A third of families sit in silence during meal times, according to a study.

Three in 10 admit they struggle to find enough to talk about over dinner while four in 10 parents eat their evening meal at a completely different time to their kids.

One in 10 NEVER have dinner at the same time as the rest of their family, with just a fifth getting to sit down together every night of the week.

The study was commissioned by Old El Paso to launch National Fajita Friday (September 20 2019) to urge more families to eat together.

Psychologist, Dr Linda Papadopoulos, said: “To get the most out of family mealtimes, the table needs to be filled with the happy noise of conversation, chat and laughter.

“The more we engage, the closer and more connected we feel to each other.

“And children need to be part of this as it’s a vital part of developing their social skills.

“There is something truly wonderful about the happy sounds produced by a vibrant family meal.”

The study also found that even when families are finally able to sit together their mealtimes are dominated by a series of distractions.

More than one in five admit they prefer to watch television rather than interact with their family.

And 44 per cent of families will stare at mobile phones while they eat.

But for the third of families who regularly have conversations over dinner, weekend plans are among the most popular topics of conversation (47 per cent), along with school gossip (44 per cent) and the meal itself (43 per cent).

Homework and TV shows (both 37 per cent) are also commonly held discussions at the dinner table.

Dr Papadopoulos added: “At the end of a long day, it can be hard to muster the energy for conversation, but we mustn’t underestimate the importance it plays at mealtime.

“There is evidence showing that stimulating conversation at mealtimes builds children’s confidence and self-esteem and in turn actually boost academic performance.

“In fact, they are beneficial to the whole families mental well-being, a time for everyone to unload.

“So it’s a good idea to try and make them part of your weekly routine.”

The two-part study, which polled 2,500 parents in total, also found ‘multi-plate meals’, such as Mexican food, ‘improve’ conversation and create a ‘positive’ atmosphere – when compared to everyday ‘one-plate’ meals.

Lionel Morgado, of Old El Paso, said: “There is clear evidence showing the benefits of vibrant family mealtimes which is why we are launching National Fajita Friday to encourage families to commit to spending regular dinner times together.

“When the family sits together over Mexican it creates happy noise and genuine connections. It is a cuisine that naturally brings people together.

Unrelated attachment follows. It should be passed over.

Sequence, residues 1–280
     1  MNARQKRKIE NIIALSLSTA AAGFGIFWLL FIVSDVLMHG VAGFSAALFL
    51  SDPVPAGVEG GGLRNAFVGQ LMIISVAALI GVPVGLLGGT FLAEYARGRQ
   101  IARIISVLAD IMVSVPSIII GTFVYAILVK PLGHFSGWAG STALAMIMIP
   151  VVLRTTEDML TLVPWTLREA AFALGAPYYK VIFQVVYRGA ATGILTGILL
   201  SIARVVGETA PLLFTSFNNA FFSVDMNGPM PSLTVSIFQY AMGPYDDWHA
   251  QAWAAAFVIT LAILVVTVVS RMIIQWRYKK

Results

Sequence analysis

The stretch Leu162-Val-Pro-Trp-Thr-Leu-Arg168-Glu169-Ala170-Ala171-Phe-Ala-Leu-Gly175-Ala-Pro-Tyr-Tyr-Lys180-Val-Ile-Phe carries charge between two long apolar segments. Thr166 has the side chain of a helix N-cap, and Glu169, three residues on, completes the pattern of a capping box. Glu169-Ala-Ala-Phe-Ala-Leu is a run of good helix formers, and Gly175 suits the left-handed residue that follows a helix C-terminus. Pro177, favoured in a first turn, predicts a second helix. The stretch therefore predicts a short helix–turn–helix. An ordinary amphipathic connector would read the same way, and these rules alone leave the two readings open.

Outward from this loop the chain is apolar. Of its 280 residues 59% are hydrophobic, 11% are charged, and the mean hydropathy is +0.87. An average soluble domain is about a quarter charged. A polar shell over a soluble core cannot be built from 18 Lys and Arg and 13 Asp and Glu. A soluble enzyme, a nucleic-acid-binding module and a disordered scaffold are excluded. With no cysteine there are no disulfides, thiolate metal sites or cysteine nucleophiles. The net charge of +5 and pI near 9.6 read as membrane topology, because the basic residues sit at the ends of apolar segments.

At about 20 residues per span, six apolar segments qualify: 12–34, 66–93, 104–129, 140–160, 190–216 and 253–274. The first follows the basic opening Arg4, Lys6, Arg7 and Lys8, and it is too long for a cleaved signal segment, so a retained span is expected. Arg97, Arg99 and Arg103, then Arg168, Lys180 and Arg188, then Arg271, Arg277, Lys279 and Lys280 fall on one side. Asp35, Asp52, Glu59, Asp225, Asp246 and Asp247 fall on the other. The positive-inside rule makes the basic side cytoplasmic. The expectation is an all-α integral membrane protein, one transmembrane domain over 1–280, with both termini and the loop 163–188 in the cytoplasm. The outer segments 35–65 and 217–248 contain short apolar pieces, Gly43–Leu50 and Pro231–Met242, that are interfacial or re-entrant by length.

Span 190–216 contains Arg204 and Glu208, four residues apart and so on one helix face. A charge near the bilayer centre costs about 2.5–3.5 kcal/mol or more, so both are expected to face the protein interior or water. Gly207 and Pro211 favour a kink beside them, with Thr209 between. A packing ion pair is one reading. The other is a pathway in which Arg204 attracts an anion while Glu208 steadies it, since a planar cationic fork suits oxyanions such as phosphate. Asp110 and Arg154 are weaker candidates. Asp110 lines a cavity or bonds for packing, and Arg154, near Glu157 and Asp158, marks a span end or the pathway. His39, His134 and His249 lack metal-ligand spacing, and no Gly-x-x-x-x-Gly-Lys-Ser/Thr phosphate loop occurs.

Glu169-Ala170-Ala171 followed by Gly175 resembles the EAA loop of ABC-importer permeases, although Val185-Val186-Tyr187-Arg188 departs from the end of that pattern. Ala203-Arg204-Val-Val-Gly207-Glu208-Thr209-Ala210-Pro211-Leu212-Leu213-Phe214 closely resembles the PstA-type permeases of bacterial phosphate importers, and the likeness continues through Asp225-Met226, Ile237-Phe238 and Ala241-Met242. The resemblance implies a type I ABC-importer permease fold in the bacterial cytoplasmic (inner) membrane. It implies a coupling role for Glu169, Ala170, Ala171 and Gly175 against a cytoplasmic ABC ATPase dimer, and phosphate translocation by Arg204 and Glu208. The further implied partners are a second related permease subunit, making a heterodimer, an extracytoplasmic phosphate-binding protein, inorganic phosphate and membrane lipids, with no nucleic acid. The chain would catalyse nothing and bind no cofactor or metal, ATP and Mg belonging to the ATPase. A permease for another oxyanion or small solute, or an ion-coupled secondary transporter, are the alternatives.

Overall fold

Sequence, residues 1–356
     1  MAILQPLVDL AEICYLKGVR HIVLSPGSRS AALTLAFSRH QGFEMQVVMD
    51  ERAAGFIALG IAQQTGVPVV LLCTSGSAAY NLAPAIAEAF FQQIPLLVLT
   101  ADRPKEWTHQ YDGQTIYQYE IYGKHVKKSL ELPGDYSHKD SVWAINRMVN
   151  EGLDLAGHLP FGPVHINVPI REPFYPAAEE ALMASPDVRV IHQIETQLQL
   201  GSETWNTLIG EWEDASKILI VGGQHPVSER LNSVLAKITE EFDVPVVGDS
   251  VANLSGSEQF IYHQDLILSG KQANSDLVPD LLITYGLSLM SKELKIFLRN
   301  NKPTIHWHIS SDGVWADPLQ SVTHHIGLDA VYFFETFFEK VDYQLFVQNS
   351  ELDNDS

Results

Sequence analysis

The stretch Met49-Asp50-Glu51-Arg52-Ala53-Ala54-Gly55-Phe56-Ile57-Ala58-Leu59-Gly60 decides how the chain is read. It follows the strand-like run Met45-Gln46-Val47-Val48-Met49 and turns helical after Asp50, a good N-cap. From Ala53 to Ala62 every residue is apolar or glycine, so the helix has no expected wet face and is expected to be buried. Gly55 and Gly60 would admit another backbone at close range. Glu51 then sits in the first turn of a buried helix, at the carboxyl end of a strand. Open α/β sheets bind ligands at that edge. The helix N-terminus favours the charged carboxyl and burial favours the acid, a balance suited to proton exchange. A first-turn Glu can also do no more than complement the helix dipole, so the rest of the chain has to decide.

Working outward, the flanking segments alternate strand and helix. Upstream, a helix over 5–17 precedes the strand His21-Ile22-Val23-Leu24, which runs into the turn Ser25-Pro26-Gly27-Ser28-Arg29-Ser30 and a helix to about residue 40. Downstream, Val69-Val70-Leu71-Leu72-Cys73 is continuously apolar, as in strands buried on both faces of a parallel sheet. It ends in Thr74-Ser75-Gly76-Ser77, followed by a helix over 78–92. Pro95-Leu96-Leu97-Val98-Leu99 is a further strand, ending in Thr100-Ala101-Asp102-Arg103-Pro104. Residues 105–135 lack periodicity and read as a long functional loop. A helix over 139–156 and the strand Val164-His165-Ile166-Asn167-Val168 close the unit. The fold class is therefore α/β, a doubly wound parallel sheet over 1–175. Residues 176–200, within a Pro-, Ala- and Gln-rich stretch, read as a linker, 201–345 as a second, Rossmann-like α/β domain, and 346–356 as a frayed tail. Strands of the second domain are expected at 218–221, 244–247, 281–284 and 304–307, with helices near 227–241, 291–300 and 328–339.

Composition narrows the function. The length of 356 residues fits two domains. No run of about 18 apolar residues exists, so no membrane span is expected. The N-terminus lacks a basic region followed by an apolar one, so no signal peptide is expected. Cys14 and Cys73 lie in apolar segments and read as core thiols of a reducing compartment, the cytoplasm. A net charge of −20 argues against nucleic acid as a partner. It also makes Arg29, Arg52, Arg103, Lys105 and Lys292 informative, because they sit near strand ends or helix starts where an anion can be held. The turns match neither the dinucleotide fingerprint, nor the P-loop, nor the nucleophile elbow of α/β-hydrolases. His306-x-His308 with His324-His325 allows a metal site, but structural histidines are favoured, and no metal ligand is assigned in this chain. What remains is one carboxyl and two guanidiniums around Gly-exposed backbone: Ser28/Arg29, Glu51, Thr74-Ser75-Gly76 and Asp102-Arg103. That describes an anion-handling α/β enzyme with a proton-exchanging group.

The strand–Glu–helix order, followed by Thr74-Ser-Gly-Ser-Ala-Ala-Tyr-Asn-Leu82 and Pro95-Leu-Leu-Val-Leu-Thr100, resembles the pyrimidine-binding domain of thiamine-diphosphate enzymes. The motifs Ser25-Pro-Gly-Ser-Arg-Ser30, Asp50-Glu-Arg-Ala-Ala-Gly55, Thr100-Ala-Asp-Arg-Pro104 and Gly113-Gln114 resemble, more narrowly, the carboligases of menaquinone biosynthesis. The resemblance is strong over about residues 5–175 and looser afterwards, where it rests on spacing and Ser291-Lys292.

“Everyone has to roll up their sleeves, dive in with their hands and pass the guac around – it fills your heart as well as your belly!”

*To celebrate the first annual National Fajita Friday on September 20 2019, Old El Paso is opening a pop-up restaurant for one night to bring families together.

A complimentary three-course meal will be on offer at the restaurant from 7pm at 4 Brushfield Street, London, E1 6AN – on a first come, first serve basis.



If questions are too broad like ‘how was school?’ or ‘what did you do today?’ you are more likely to get vague answers like ‘fine’ or ’not much’.

And if they are closed ended like ‘what time did you get in today?’ you are only going to get a one word answer back.

So the key is to ask questions that are open ended but specific.


A great way to focus the family on sharing is to go around the dinner table and ask about the best and most challenging things about their day.

This serves two purposes. Firstly it focuses the mind on what is working and what they are happy about so they are more likely to feel good about sharing.

Secondly, it allows you to share challenges in a safe non-judgemental environment and reinforces the idea that you are all their for each other with regard to any challenges you may be facing.


One of the best ways to instigate discussion and closeness in families is to share a memory.

Telling a story that you all remember is a great way to get everyone talking and sharing.


Get rid of phones, turn off the TV and focus on each other and being together.

There is something very powerful about being present for each other and getting rid of tech and other distractions.

It sends the message that what matters most is being together and sharing not only a meal but time, thoughts and feelings.


As much as possible try and keep the conversation positive.

While for parents it may seem like a good opportunity for a lecture or angry discussion, try and avoid this.

The point of meal times should be to foster communication and connection but using them as a time for discipline can shut this down.


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